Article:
However, a large body of evidence now shows that healthy eating patterns and regular physical activity can help people achieve and maintain good health and reduce the risk of chronic disease throughout all stages of the lifespan. The 2015-2020 Dietary Guidelines for Americans reflects this evidence through its recommendations.

The Dietary Guidelines is required under the 1990 National Nutrition Monitoring and Related Research Act, which states that every 5 years, the U.S. Departments of Health and Human Services (HHS) and of Agriculture (USDA) must jointly publish a report containing nutritional and dietary information and guidelines for the general public. The statute (Public Law 101-445, 7 U.S.C. 5341 et seq.) requires that the Dietary Guidelines be based on the preponderance of current scientific and medical knowledge. The 2015-2020 edition of the Dietary Guidelines builds from the 2010 edition with revisions based on the Scientific Report of the 2015 Dietary Guidelines Advisory Committee and consideration of Federal agency and public comments.

The Dietary Guidelines is designed for professionals to help all individuals ages 2 years and older and their families consume a healthy, nutritionally adequate diet. The information in the Dietary Guidelines is used in developing Federal food, nutrition, and health policies and programs. It also is the basis for Federal nutrition education materials designed for the public and for the nutrition education components of HHS and USDA food programs. It is developed for use by policymakers and nutrition and health professionals. Additional audiences who may use Dietary Guidelinesinformation to develop programs, policies, and communication for the general public include businesses, schools, community groups, media, the food industry, and State and local governments.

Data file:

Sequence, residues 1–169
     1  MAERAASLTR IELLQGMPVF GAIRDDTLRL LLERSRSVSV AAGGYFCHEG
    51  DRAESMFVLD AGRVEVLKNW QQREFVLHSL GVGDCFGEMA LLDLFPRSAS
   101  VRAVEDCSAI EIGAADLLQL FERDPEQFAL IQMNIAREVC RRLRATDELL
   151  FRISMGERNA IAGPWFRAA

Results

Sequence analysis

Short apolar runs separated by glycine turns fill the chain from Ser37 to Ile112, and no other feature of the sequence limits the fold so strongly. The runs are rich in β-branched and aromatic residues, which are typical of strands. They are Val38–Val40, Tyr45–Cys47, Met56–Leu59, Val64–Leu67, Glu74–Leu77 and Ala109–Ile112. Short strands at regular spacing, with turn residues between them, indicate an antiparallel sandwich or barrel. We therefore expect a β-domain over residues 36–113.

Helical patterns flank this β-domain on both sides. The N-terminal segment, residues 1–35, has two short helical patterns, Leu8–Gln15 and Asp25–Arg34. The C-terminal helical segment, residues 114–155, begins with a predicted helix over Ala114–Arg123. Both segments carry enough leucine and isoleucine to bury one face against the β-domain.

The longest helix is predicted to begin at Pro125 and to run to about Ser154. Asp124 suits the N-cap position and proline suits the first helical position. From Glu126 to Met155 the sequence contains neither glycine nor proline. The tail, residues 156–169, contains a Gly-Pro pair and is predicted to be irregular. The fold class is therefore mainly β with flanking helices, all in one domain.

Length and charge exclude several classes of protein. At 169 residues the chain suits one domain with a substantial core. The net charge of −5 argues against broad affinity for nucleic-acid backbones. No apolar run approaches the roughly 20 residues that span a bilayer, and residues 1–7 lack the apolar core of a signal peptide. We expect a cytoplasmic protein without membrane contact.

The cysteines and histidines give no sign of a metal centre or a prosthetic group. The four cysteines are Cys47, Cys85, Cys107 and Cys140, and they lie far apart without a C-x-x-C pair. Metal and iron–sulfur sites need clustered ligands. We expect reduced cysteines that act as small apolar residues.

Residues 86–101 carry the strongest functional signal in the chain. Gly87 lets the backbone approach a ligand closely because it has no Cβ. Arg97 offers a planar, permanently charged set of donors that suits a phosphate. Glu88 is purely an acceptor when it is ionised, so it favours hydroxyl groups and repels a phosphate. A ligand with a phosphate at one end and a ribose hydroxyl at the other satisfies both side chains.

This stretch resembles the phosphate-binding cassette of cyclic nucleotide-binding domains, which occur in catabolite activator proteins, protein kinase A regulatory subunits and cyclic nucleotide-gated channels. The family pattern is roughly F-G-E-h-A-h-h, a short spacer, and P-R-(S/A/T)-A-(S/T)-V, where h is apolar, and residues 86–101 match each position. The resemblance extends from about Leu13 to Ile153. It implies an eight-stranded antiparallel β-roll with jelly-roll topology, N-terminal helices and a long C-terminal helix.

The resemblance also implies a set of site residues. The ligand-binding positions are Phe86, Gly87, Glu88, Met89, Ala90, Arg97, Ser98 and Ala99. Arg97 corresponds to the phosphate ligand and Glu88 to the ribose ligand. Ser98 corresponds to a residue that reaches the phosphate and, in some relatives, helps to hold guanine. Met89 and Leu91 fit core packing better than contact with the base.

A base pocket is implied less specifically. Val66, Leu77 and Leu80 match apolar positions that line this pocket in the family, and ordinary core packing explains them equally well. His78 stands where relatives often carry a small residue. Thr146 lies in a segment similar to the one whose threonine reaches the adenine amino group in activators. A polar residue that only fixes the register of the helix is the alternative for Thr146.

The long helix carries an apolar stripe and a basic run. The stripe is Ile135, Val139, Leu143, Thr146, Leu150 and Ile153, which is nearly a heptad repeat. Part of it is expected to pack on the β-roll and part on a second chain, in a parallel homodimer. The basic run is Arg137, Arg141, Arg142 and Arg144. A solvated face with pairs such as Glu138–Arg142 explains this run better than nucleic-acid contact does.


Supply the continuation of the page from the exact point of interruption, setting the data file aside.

Previous editions of the Dietary Guidelines focused primarily on individual dietary components such as food groups and nutrients. However, people do not eat food groups and nutrients in isolation but rather in combination, and the totality of the diet forms an overall eating pattern. The components of the eating pattern can have interactive and potentially cumulative effects on health. These patterns can be tailored to an individual’s personal preferences, enabling Americans to choose the diet that is right for them. A growing body of research has examined the relationship between overall eating patterns, health, and risk of chronic disease, and findings on these relationships are sufficiently well established to support dietary guidance. As a result, eating patterns and their food and nutrient characteristics are a focus of the recommendations in the 2015-2020 Dietary Guidelines.